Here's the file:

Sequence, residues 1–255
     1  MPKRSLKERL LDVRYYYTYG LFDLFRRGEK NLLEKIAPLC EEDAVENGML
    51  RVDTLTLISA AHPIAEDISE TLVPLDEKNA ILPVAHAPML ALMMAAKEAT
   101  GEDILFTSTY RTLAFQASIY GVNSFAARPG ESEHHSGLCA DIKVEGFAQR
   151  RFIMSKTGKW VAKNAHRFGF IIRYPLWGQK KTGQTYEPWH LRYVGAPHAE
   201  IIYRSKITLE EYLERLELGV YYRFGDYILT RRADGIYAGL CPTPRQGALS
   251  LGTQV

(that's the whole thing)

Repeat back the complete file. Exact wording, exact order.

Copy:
Sequence, residues 1–255
     1  MPKRSLKERL LDVRYYYTYG LFDLFRRGEK NLLEKIAPLC EEDAVENGML
    51  RVDTLTLISA AHPIAEDISE TLVPLDEKNA ILPVAHAPML ALMMAAKEAT
   101  GEDILFTSTY RTLAFQASIY GVNSFAARPG ESEHHSGLCA DIKVEGFAQR
   151  RFIMSKTGKW VAKNAHRFGF IIRYPLWGQK KTGQTYEPWH LRYVGAPHAE
   201  IIYRSKITLE EYLERLELGV YYRFGDYILT RRADGIYAGL CPTPRQGALS
   251  LGTQV